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Barack Obama Sworn In as President on Historic Day

January 20, 2009 at 6:00 PM EDT
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Barack Obama took the oath of office Tuesday to become the 44th president of the United States. Ray Suarez reports.

JIM LEHRER: The inauguration of President Barack Obama. More than a million people were on the National Mall in Washington to observe and cheer. Ray Suarez reports on the events of this day.

RAY SUAREZ: It began before daybreak, a procession of ones and twos, groups and throngs, and tens of thousands by sunrise on their way to becoming the largest crowd ever assembled on Washington’s National Mall.

They came for a glimpse of history: the inauguration of the 44th president, Barack Obama.

The nation’s first African-American chief executive was just five years ago a little-known state legislator from Illinois. Today, he capped a meteoric rise from U.S. Senate to the presidency, at age 47, the fourth-youngest man to hold the nation’s highest office.

Jubilant crowds braved frigid temperatures and navigated an unprecedented security cordon. Thousands of National Guard troops, federal, state, and local law enforcement ringed the Capitol. There were extensive road and bridge closures and airspace restrictions.

By 9 a.m., Metro, Washington’s subway, reported 410,000 passengers had entered the system. Enormous lines snaked out of the stations, and parking lots outside of the city were filled by early morning.

The president-elect left Blair House across Pennsylvania Avenue from the White House just before 9:00 for a brief prayer service at St. John’s Episcopal, often called the Church of the Presidents.

A short time later, with his wife, Michelle, he made the short journey back across Lafayette Park to meet President and Mrs. Bush. While the Obamas met with the outgoing first family, legislators and luminaries, statesmen and women gathered at the west front of the Capitol as witnesses to history.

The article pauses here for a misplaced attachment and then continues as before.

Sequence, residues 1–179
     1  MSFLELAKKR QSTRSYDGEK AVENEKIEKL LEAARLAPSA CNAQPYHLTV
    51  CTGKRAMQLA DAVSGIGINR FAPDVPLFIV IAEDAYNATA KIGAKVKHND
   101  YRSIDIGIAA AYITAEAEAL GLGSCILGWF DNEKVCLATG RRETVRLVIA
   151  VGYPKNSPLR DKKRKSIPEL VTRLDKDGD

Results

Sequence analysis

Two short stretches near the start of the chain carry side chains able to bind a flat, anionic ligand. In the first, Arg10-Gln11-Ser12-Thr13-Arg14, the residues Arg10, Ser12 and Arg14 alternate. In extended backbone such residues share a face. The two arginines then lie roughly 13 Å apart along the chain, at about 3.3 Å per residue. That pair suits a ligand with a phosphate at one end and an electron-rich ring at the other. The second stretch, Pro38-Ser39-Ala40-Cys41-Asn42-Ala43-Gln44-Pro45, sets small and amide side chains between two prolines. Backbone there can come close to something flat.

Presidents Jimmy Carter, George H.W. Bush, and Bill Clinton, along with Mrs. Clinton, the next secretary of state, joined a host of dignitaries from both parties and many eras. There were the Obama daughters, Laura Bush, and Lynne Cheney, Michelle Obama, and Jill Biden.

The 43rd president, George W. Bush, descended the west front steps just 25 minutes before his term would end. Then the chant began.

AUDIENCE: Obama! Obama!

ANNOUNCER: Ladies and gentlemen, the president-elect of the United States, Barack H. Obama.

Biden, Obama are sworn in

RAY SUAREZ: California Democratic Sen. Dianne Feinstein, chair of the Congressional Inaugural Committee, welcomed all.

SEN. DIANNE FEINSTEIN (D), California: The world is watching today, and remember that this was the moment when the dream that once echoed across history from the steps of the Lincoln Memorial finally reached the walls of the White House.

RAY SUAREZ: The invocation was given by a well-known, and controversial, preacher, conservative pastor Rick Warren from California's Saddleback Church.

RICK WARREN, Pastor: We celebrate a hinge point of history with the inauguration of our first African-American president of the United States. And we know today that Dr. King and a great cloud of witnesses are shouting in Heaven.

RAY SUAREZ: Aretha Franklin gave her own soulful blessing.

ARETHA FRANKLIN (singing): My country 'tis of thee, sweet land of liberty...

RAY SUAREZ: The Supreme Court's longest tenured justice, 88-year-old John Paul Stevens, administered the oath of office to the vice president-elect.

JOSEPH BIDEN, Vice President of the United States: I, Joseph Robinette Biden, Jr., do solemnly swear...

RAY SUAREZ: Two virtuoso performers, violinist Itzhak Perlman and cellist Yo-Yo Ma, led a quarter in playing an original composition. As the clock struck noon, a time which, by virtue of the 20th Amendment to the Constitution, Barack Obama was the 44th president, before he'd even taken the oath of office.

John Roberts, the chief justice of the United States, administered the oath of office while Mr. Obama placed his left hand on a bible Abraham Lincoln used at his first inaugural in 1861.

JOHN ROBERTS, Chief Justice, United States Supreme Court: I, Barack Hussein Obama, do solemnly swear...

BARACK OBAMA, President of the United States: I, Barack Hussein Obama, do solemnly swear...

JOHN ROBERTS: ... that I will execute the office of president to the United States faithfully...

BARACK OBAMA: ... that I will execute...

JOHN ROBERTS: ... faithfully the -- the office of president of the United State...

BARACK OBAMA: ... the office of president of the United States faithfully...